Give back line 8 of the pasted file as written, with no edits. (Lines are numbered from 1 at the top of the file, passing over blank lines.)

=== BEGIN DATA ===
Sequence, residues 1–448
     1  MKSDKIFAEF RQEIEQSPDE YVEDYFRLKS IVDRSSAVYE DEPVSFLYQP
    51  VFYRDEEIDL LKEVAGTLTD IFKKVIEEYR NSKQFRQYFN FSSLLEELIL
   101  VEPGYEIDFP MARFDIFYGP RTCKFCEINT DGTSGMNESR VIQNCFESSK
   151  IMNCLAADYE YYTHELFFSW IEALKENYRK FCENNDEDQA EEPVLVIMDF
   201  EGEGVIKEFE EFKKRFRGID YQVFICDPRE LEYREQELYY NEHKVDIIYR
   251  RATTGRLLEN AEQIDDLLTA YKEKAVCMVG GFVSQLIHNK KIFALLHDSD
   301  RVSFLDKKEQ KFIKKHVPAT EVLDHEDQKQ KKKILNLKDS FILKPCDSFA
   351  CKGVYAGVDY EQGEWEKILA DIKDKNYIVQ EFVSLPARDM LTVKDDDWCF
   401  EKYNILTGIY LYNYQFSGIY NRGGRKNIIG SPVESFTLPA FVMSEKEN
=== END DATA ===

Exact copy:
   301  RVSFLDKKEQ KFIKKHVPAT EVLDHEDQKQ KKKILNLKDS FILKPCDSFA